- A-Hydrocort brand name
- A-Hydrocort dosage
- A-Hydrocort dosage forms
- A-Hydrocort a-hydrocort side effects
- A-Hydrocort side effects
- A-Hydrocort weight loss
- A-Hydrocort injection
- A-Hydrocort drug
- A-Hydrocort 100 mg
- A-Hydrocort effects of
- A-Hydrocort a-hydrocort drug
- A-Hydrocort 160 mg
Commonly used brand name(s)
In the U.S.
Available Dosage Forms:
- Powder for Solution
Therapeutic Class: Endocrine-Metabolic Agent
Pharmacologic Class: Adrenal Glucocorticoid
A-Hydrocort Side Effects
Along with its needed effects, a medicine may cause some unwanted effects. Although not all of these side effects may occur, if they do occur they may need medical attention.
Check with your doctor or nurse immediately if any of the following side effects occur:Incidence not known
- back pain
- bloody or black tarry stools
- bone pain, tenderness, or aching
- chest pain or discomfort
- darkening or lightening of skin color
- eye pain and blurred vision
- facial hair growth in females
- fast, pounding, or irregular heartbeat or pulse
- fast, slow, or irregular breathing
- feeling sad or empty
- full or round face, neck, or trunk
- general feeling of illness
- heartburn, indigestion
- increased appetite
- increased fat deposits on the face, neck, and trunk
- increased hair growth on the face, forehead, back, arms, and legs
- increased sweating, thirst, urination
- lightheadedness, dizziness, or fainting
- loss of appetite
- loss of interest or pleasure
- loss of sexual desire or ability
- menstrual irregularities
- muscle wasting and weakness
- severe and continuing nausea
- skin rash
- slow wound healing
- sore throat
- stomach pain and cramping
- swelling of eyes or eyelids
- thinning of the scalp hair
- tightness in chest
- trouble concentrating
- trouble in breathing
- unusual tiredness or weakness
- unusual weight loss
- vomit that looks like coffee grounds
Other side effects not listed may also occur in some patients. If you notice any other effects, check with your healthcare professional.
Call your doctor for medical advice about side effects. You may report side effects to the FDA at 1-800-FDA-1088.
Hydrocortisone Sodium Succinate
for Injection, USP
For Intravenous or Intramuscular Administration
Indications and Usage for A-Hydrocort
When oral therapy is not feasible, and the strength, dosage form and route of administration of the drug reasonably lend the preparation to the treatment of the condition, A-Hydrocort sterile powder is indicated for intravenous or intramuscular use in the following conditions:
1. Endocrine Disorders
Primary or secondary adrenocortical insufficiency (hydrocortisone or cortisone is the drug of choice; synthetic analogs may be used in conjunction with mineralocorticoids where applicable; in infancy, mineralocorticoid supplementation is of particular importance)
Acute adrenocortical insufficiency (hydrocortisone or cortisone is the drug of choice; mineralocorticoid supplementation may be necessary, particularly when synthetic analogs are used)
Preoperatively and in the event of serious trauma or illness, in patients with known adrenal insufficiency or when adrenocortical reserve is doubtful
Shock unresponsive to conventional therapy if adrenocortical insufficiency exists or is suspected
Congenital adrenal hyperplasia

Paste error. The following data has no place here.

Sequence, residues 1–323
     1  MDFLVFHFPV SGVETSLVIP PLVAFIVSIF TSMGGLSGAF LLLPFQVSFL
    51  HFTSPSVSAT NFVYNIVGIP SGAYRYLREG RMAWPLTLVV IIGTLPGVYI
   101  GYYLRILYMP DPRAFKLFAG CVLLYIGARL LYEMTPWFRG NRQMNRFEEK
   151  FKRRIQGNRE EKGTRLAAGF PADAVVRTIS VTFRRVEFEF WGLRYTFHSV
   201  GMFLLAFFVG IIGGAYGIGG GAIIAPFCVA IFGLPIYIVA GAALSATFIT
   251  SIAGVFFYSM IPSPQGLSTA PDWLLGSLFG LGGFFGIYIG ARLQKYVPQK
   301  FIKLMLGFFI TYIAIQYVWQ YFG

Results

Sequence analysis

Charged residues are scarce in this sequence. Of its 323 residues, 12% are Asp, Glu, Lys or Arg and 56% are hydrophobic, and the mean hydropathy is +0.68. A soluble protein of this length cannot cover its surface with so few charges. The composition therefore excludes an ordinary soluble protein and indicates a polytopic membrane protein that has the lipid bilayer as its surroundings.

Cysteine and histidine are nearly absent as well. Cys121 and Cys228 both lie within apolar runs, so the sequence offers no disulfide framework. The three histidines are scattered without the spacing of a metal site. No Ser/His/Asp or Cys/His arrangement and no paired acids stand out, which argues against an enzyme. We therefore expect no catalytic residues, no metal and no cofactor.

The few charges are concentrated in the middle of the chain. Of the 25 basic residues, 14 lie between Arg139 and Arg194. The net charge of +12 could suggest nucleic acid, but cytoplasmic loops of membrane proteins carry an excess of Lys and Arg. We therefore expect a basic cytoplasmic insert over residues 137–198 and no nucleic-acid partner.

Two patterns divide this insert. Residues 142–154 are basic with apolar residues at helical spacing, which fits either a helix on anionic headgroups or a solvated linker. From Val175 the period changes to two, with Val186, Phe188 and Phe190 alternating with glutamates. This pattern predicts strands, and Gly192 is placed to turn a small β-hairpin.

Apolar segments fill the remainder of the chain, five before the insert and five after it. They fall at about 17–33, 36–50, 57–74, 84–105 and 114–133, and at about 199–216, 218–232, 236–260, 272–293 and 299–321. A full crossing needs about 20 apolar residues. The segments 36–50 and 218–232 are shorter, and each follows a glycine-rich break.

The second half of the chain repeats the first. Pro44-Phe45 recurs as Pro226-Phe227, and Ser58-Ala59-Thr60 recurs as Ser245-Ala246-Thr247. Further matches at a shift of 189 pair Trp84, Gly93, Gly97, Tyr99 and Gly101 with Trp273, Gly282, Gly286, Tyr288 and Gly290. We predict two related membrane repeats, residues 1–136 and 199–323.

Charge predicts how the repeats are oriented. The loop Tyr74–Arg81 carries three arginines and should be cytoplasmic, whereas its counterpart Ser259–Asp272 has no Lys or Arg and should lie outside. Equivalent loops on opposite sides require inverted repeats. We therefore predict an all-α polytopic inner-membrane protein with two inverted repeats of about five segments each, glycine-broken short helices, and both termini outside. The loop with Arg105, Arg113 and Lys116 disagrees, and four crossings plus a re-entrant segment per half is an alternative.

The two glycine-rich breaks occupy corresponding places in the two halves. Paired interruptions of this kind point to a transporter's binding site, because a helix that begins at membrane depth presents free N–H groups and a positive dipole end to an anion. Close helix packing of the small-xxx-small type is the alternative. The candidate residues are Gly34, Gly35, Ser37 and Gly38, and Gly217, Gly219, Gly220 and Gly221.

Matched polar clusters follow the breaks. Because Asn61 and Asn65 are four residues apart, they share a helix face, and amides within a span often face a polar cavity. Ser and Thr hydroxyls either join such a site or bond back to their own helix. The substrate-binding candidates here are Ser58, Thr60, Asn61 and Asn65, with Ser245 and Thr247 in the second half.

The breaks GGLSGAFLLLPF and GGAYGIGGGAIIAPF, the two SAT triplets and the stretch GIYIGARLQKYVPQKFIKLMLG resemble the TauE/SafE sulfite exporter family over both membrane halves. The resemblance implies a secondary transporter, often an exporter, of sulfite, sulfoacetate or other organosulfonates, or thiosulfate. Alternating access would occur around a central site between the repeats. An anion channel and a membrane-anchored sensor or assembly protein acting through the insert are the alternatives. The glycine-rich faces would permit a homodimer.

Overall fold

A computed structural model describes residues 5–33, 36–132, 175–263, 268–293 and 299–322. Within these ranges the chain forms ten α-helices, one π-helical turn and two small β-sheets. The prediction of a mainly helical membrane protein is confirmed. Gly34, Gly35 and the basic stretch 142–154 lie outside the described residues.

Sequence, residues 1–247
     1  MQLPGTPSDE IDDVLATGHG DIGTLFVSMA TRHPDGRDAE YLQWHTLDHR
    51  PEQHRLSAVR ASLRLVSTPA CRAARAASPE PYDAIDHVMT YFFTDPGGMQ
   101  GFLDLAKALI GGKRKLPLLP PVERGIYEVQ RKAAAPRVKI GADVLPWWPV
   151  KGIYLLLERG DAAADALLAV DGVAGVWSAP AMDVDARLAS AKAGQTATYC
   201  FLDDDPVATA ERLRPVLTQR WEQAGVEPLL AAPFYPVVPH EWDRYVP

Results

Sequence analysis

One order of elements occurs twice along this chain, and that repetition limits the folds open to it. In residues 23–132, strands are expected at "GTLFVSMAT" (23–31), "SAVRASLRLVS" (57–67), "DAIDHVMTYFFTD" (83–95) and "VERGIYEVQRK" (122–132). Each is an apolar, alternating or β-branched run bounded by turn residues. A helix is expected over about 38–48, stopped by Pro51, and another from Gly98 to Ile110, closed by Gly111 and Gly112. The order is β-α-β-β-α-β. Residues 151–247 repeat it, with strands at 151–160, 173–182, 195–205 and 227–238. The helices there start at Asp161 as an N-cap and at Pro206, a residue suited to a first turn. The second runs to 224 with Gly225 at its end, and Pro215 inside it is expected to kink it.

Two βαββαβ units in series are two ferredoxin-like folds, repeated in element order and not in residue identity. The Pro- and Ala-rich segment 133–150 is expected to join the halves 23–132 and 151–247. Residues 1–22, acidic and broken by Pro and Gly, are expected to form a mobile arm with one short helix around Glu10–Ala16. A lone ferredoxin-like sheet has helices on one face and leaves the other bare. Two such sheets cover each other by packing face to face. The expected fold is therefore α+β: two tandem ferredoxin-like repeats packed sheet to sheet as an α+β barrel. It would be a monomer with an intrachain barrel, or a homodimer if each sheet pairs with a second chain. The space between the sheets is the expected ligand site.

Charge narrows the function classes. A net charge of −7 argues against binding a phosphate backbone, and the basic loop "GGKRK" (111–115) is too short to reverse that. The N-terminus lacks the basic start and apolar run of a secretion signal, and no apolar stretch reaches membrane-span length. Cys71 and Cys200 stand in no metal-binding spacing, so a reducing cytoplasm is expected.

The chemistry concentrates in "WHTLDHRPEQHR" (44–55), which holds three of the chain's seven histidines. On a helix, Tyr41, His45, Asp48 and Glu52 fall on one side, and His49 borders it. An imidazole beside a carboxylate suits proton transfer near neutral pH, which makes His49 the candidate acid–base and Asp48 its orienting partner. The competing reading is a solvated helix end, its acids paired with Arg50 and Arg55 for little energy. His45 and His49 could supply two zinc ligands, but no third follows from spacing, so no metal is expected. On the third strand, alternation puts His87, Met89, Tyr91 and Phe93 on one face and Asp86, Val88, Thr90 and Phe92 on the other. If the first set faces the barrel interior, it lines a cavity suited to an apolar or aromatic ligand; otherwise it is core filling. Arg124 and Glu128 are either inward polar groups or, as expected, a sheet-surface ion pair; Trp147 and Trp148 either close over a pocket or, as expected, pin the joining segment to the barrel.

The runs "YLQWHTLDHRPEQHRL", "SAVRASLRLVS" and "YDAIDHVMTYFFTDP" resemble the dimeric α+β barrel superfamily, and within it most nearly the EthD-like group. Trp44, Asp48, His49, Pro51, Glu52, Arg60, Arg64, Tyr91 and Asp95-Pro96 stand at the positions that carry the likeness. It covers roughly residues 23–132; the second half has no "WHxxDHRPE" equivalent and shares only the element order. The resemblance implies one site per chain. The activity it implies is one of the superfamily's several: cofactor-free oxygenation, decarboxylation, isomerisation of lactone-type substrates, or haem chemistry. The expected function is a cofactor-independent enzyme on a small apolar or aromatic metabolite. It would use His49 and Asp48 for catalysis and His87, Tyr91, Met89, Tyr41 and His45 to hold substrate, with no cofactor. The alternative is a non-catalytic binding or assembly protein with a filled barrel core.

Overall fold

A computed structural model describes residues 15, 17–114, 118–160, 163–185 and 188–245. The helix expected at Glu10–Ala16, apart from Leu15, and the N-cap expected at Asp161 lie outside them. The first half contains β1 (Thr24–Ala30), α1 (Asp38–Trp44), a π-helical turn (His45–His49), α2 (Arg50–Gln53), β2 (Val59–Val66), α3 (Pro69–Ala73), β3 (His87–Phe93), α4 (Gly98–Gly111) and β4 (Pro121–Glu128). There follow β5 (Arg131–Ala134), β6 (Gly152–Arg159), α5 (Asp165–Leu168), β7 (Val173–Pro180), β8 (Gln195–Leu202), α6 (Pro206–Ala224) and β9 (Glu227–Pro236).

Hypercalcemia associated with cancer
2. Rheumatic Disorders
As adjunctive therapy for short-term administration (to tide the patient over an acute episode or exacerbation) in:
Synovitis of osteoarthritis
Rheumatoid arthritis, including juvenile rheumatoid arthritis (selected cases may require low-dose maintenance therapy)
Acute and subacute bursitis
Acute nonspecific tenosynovitis
Acute gouty arthritis
3. Collagen Diseases
During an exacerbation or as maintenance therapy in selected cases of:
Systemic lupus erythematosus
Systemic dermatomyositis (polymyositis)
Acute rheumatic carditis
4. Dermatologic Diseases
Severe erythema multiforme (Stevens-Johnson syndrome)
Bullous dermatitis herpetiformis
Severe seborrheic dermatitis
5. Allergic States
Control of severe or incapacitating allergic conditions intractable to adequate trials of conventional treatment in:
Seasonal or perennial allergic rhinitis
Drug hypersensitivity reactions
Urticarial transfusion reactions
Acute noninfectious laryngeal edema (epinephrine is the drug of first choice)
6. Ophthalmic Diseases
Severe acute and chronic allergic and inflammatory processes involving the eye, such as:
Herpes zoster ophthalmicus
Diffuse posterior uveitis and choroiditis
Anterior segment inflammation
Allergic corneal marginal ulcers
7. Gastrointestinal Diseases
To tide the patient over a critical period of the disease in:
Ulcerative colitis (systemic therapy)
Regional enteritis (systemic therapy)
8. Respiratory Diseases
Fulminating or disseminated pulmonary tuberculosis when used concurrently with appropriate antituberculous chemotherapy
Loeffler’s syndrome not manageable by other means
9. Hematologic Disorders
Acquired (autoimmune) hemolytic anemia
Idiopathic thrombocytopenic purpura in adults (IV only; IM administration is contraindicated)
Secondary thrombocytopenia in adults
Erythroblastopenia (RBC anemia)
Congenital (erythroid) hypoplastic anemia
10. Neoplastic Diseases
For palliative management of:
Leukemias and lymphomas in adults
Acute leukemia of childhood
11. Edematous States
To induce diuresis or remission of proteinuria in the nephrotic syndrome, without uremia, of the idiopathic type or that due to lupus erythematosus
12. Nervous System
Acute exacerbations of multiple sclerosis
Tuberculous meningitis with subarachnoid block or impending block when used concurrently with appropriate antituberculous chemotherapy